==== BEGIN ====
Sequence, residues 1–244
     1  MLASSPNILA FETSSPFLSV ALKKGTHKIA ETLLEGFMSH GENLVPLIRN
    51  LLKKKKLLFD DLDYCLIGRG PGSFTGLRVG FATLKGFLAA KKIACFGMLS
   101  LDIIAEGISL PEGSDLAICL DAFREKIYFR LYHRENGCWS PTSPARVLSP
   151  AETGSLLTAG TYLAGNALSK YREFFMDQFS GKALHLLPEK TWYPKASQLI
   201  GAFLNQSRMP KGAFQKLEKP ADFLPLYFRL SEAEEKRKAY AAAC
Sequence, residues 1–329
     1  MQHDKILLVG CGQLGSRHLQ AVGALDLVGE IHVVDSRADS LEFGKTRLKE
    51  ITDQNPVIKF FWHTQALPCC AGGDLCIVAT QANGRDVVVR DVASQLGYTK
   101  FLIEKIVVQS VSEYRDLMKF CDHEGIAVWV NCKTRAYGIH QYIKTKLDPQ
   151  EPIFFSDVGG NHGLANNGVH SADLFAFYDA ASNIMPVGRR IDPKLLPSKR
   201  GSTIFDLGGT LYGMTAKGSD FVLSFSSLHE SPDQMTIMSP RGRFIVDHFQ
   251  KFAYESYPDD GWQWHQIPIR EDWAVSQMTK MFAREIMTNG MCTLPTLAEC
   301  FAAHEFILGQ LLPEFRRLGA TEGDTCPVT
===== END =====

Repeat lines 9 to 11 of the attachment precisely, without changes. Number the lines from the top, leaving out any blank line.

    51  ITDQNPVIKF FWHTQALPCC AGGDLCIVAT QANGRDVVVR DVASQLGYTK
   101  FLIEKIVVQS VSEYRDLMKF CDHEGIAVWV NCKTRAYGIH QYIKTKLDPQ
   151  EPIFFSDVGG NHGLANNGVH SADLFAFYDA ASNIMPVGRR IDPKLLPSKR